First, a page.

Showing posts with label Journaling. Show all posts
Showing posts with label Journaling. Show all posts

Journaling Goals

There are plenty of benefits to journaling from self-care and emotional wellbeing to problem solving and productivity. It's one of my favorite tools!

Last month on GoalChatLive, I discussed journaling with Jen Jones Donatelli, Creative Groove; Lynda Monk, director of the International Association for Journal Writing; and cartoonist Chari Pere. The panel shared their early journaling experiences, as well as thoughts on the value of a regular practice, options for journaling, and so much more.

Journaling Benefits

  • Lynda: Journaling helps you to know – and craft – who you truly are. It’s one thing to think our thoughts, it’s another to write them down. Plus, knowing yourself improves you relationships with others 
  • Jen: It gives you a reason to carve out time for yourself every day 
  • Chari: You get to say things to yourself that you wouldn’t necessarily say out loud 
  • Jen: Journaling also helps you track synchronicity 
  • Lynda: Manifestation happens when you think about what you want, write it down, and speak it

Journaling Goals

  • Chari: Pick one thing to write about: gratitude, a good deed, etc. Then, put a doodle next to it. The doodle should add to what you are writing 
  • Jen: Find ways to make your journaling routine really juicy: find your ideal spot, snack, or practice to make the entire experience enticing 
  • Lynda: Join a journaling community

Watch Our Conversation:

Final Thoughts

  • Jen: Give yourself some grace around your journaling practice 
  • Chari: Start by writing in 15 minutes sessions 
  • Lynda: Write about your thoughts and feelings, not just what you see and experience
How, when and what you journal about is up to you. Your journal. Your choice. Commit to setting journaling goals and enjoy the benefits that come from it!

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For more inspiration and motivation, follow @TheDEBMethod on Facebook, Instagram, and Linkedin! 

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What are your tips for creating courses? Please share in the comments. 

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Debra Eckerling is the award-winning author of Your Goal Guide: A Roadmap for Setting, Planning and Achieving Your Goals and founder of the D*E*B METHOD, which is her system for goal-setting simplified. A goal-strategist, corporate consultant, and project catalyst, Debra offers personal and professional planning, event strategy, and team building for individuals, businesses, and teams. She is also the author of Write On Blogging and Purple Pencil Adventures; founder of Write On Online; host of  #GoalChatLive aka The DEB Show podcast and Taste Buds with Deb. She speaks on the subjects of writing, networking, goal-setting, and social media.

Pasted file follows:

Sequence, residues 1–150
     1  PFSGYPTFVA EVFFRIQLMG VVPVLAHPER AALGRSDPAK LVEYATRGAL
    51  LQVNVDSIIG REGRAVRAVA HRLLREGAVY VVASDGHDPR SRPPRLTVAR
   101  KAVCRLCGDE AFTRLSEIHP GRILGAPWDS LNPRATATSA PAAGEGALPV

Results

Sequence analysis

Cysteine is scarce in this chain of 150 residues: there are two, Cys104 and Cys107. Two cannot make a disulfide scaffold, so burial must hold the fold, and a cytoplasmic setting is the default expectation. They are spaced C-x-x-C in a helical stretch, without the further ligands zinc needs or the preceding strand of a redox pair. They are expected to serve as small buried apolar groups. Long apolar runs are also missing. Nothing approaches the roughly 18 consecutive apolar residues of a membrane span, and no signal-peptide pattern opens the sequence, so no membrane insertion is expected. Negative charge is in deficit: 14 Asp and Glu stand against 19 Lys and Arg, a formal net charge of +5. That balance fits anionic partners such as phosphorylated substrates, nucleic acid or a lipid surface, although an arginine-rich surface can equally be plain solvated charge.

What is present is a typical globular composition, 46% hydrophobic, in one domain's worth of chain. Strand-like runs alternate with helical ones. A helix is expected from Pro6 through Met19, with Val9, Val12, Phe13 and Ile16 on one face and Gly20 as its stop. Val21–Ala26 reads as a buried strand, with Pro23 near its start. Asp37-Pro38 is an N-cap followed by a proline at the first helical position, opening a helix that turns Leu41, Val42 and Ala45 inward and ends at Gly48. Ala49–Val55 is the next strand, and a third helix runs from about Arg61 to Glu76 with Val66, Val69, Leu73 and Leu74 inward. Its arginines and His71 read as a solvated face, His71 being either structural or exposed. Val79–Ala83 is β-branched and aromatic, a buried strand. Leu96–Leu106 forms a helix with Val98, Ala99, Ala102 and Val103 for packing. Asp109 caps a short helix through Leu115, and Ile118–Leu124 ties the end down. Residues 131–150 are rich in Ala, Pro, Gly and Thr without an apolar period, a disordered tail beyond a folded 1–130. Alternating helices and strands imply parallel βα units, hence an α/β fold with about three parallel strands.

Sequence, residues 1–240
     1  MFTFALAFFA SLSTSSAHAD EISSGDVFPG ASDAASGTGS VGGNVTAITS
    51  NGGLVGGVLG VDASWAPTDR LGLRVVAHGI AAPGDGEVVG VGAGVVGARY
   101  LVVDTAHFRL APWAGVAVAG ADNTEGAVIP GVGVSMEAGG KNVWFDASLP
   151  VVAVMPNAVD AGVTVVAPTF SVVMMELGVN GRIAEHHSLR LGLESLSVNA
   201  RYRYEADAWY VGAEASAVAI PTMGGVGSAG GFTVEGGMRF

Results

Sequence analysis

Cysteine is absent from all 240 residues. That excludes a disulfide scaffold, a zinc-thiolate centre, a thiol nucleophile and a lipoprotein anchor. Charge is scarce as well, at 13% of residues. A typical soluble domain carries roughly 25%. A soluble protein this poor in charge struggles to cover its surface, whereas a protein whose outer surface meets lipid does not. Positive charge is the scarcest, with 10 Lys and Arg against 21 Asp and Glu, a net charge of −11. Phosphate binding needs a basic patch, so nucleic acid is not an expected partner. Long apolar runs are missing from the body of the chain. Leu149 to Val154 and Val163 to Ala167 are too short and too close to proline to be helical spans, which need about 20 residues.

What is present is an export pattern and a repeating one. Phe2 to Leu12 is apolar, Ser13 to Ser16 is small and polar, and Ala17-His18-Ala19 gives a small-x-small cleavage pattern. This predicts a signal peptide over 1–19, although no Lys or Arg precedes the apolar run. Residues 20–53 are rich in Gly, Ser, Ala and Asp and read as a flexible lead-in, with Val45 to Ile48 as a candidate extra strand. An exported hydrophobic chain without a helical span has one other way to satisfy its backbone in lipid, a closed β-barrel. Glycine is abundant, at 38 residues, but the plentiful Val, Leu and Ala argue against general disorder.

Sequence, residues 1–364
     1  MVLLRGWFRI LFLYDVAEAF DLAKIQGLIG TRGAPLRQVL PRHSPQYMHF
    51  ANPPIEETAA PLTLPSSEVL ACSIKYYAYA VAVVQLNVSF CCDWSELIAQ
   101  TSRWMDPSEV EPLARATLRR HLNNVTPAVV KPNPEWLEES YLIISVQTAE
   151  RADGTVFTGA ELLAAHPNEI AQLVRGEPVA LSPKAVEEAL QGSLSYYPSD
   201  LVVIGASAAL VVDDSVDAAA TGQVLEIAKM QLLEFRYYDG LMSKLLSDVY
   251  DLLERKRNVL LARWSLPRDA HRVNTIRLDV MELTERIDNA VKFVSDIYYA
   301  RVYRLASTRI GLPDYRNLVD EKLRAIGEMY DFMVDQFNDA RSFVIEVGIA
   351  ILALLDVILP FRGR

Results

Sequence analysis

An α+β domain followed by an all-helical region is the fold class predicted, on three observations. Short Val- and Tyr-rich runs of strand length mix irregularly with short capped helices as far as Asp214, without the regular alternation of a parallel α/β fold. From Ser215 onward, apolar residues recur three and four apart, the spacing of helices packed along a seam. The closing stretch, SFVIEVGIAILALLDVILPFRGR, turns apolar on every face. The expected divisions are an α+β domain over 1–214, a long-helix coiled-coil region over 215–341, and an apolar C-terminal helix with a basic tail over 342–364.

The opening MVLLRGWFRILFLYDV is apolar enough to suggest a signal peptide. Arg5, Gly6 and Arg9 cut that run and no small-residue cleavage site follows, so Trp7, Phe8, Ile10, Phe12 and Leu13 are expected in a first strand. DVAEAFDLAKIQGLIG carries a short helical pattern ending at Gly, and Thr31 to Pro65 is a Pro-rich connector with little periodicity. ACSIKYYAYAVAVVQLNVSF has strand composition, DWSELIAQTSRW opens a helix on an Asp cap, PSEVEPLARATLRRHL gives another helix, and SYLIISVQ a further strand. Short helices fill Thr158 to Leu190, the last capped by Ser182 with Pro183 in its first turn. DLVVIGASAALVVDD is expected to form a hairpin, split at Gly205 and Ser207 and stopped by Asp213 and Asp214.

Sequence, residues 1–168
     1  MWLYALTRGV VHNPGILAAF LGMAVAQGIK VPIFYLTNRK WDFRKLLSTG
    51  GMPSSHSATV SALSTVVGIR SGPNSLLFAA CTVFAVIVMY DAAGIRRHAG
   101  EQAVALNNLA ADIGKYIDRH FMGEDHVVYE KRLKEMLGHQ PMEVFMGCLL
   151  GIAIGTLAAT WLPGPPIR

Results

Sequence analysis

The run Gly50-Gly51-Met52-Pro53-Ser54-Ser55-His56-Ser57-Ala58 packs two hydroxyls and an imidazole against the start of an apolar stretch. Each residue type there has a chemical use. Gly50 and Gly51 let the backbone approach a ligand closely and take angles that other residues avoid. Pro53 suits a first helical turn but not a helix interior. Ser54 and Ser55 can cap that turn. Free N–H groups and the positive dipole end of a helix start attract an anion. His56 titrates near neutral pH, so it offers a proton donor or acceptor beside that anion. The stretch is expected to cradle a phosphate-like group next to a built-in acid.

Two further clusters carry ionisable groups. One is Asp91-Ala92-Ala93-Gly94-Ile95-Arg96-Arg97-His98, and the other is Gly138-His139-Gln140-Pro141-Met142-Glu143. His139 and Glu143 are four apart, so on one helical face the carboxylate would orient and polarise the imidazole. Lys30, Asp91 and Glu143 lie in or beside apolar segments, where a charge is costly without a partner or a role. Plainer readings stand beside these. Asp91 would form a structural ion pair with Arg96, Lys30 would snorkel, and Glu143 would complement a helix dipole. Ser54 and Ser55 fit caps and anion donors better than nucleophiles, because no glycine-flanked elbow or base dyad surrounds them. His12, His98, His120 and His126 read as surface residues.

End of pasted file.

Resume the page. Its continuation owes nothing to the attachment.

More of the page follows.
Featured Productivity Tool: How to Use a Journal for Clarity & Decision-Making

For writers, a journal is your Swiss-army knife. It can be used for just about everything, While journaling is traditionally used for jotting down what’s going on in your life – tracking your actions, activities, and emotions, one of my favorite ways to use a journal is for clarity and decision-making. 

Whether you’re pondering your next writing project or dealing with a personal matter, you may find yourself mulling it over constantly … and sometimes to no avail. However, when you take pen to paper – or fingers to keyboard – you are much more likely to come up with an effective solution.

To gain clarity for about just about anything, try my directed journaling technique. Directed journaling is stream-of-consciousness writing spurts, focused on a specific theme, issue, or problem. 

Here’s how Directed Journaling works:

  • In your electronic calendar, schedule between three and five 15-minute sessions over a few days. Be sure to set a reminder. 
  • When you get the alert for your appointment, set a timer for 15 minutes, and start writing. Note: While there are numerous benefits to writing by hand, if you are more likely to complete the process by typing on a computer, go for it! 
  • During each journaling session, ask yourself pointed questions. 

For a writing project: 
  • What’s the genre? The format? Novel, screenplay, story...
  • Who is the main character?
  • What's the motivation?
  • What's the theme? How do the characters reflect the theme? 
  • How does the story begin? End?

For something personal:
  • What's the issue? 
  • How can I resolve it? 
  • What are all the possible solutions?
  • What are the pros? The cons?